Tuesday, May 10, 2005

Intelligent design - a theory or not?

The anti-ID community has been very scathing about whether Intelligent Design is actually a theory, or whether it makes any testable assertions, or whether it has published any papers. This article, on the ID - The Future blogsite, is a useful antidote.

Incidentally, it now has at least three theories to my knowledge - Specified Complexity, Irreducible Complexity and the Privileged Planet.


Mark Nutter said...

Interestingly, the paper you cite as the antidote says "Currently, there is no theory of biological intelligent design, in the sense defined above. There, I said it again... Does that matter? Not really."

I wonder, though, why Intelligent Design isn't tied in with the already existing theory that God, or should we say, some kind of metaphysical Intelligent Designer, is responsible for guiding the process of the origin and development of life? This well-established theory, known by the perhaps-misleading moniker of "theistic evolution" has been around as long as Darwin's theory has, and has managed to document its conclusions fairly well, without suffering from anti-God or anti-supernatural bias on the one hand and without arousing questions about its objectivity on the other. How is it that the newly self-described "ID" crew have managed to make themselves not only distinct from but even opposed to these longtime champions of Intelligent Design?

Exile from GROGGS said...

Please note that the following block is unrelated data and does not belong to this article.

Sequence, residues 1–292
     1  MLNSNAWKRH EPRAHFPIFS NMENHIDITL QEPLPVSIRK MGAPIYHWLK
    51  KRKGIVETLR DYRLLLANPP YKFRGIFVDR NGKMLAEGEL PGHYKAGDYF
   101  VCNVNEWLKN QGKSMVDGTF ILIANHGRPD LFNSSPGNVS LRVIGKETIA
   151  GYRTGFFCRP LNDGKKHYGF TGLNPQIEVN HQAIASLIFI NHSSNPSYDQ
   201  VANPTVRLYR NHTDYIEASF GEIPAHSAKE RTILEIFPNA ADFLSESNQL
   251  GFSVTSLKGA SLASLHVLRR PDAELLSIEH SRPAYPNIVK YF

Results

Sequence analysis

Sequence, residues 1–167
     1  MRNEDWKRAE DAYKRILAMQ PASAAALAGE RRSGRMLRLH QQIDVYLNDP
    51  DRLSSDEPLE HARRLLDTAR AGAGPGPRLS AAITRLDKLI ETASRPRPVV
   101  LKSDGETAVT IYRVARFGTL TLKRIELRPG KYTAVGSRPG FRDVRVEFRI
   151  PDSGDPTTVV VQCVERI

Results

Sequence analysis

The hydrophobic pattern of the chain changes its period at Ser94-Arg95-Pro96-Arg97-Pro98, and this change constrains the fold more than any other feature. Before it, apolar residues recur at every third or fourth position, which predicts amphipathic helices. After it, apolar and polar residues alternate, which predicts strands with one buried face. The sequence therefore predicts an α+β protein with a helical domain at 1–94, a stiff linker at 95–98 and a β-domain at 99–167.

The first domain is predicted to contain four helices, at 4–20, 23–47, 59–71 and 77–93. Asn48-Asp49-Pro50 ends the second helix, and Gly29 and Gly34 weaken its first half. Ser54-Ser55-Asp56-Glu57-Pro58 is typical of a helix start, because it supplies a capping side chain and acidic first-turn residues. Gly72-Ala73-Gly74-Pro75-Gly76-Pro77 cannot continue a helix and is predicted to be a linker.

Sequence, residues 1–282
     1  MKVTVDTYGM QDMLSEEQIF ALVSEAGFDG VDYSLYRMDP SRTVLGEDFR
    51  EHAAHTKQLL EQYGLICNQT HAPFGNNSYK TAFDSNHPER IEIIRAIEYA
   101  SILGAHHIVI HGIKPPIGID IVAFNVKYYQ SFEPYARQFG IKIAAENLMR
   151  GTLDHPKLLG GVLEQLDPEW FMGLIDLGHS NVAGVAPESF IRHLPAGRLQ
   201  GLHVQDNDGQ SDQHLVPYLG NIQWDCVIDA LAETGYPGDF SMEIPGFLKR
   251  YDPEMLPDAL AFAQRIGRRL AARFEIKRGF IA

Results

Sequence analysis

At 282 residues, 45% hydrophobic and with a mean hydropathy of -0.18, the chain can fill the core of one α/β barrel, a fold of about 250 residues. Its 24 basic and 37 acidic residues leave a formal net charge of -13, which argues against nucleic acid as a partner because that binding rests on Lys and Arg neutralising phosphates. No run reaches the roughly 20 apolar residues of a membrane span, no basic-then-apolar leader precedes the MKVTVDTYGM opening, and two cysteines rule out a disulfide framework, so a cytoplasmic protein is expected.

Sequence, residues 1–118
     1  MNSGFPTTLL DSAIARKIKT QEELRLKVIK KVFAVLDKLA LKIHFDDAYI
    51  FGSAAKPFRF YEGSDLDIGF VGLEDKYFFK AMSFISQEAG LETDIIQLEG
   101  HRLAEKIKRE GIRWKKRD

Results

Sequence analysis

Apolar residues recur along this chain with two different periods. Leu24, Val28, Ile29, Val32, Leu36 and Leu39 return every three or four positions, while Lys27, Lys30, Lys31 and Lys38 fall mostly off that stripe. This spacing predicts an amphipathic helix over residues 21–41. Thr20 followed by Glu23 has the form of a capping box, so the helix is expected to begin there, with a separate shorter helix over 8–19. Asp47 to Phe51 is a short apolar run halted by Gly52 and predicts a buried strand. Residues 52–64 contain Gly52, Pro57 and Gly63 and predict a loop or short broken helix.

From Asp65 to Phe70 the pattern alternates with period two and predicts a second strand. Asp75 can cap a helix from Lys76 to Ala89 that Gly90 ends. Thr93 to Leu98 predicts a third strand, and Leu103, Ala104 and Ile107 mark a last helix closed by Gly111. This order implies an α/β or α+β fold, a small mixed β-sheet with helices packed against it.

Thanks for the comment. Good points.

I think the distinction between theistic evolution and ID is that ID chooses to remain agnostic about timescales and mechanisms. What ID is saying is that evolution without external input is not sufficient to be an engine of evolution - but that we don't know what the input that is required would look like. In particular, the explosion of body plans in the Cambrian era doesn't appear to correspond to an evolutionary development.

With regard to whether there is a theory, the author later says (which is what I was getting at): "Only with the publication of books such as Darwin's Black Box (1996) or The Design Inference (1998) do hints of a positive theory of design begin to emerge."

Mark Nutter said...

Agnosticism is all well and good when information is unknowable, but it's not necessarily an end in itself. Who'd want to be agnostic about good nutrition and sound medicine? The thing about theistic evolution is that they don't claim to have all the answers, but at least they've done a fairly thorough job of verifying the ones they do have.

I think it's interesting to watch the latter-day ID crowd develop their theories, and I'm not hostile to ID in general principle as you can tell from my interest in TE. I do find it puzzling, though, that they seem to focus so much energy on recycling creationist anti-Darwin arguments (like the Cambrian explosion--oh, sorry, "burst" now) instead of on developing a real "detectable design" theory. There's a lady in Pennsylvania, just a stay-at-home mom who raised a quite intriguing question, I thought: how do we know Stonehenge is designed? Never mind Mt. Rushmore (Behe's favorite example), never mind flagella and complex specified this or that. Stonehenge?


Wedgie World said...

None of the three examples are scientific theories of design really. IC is merely an argument that certain systems cannot be explained by direct Darwinian pathways. The latest version of IC is even more watered down. The conclusion, thus designed is one based on ignorance not a positive theory.
privileged planet is similarly flawed, but does not even eliminate regularities as explanations. CSI is the argument that our ignorance should lead us to conclude design without any positive theory of design.

Let's not confuse theories with releigious faith now shall we?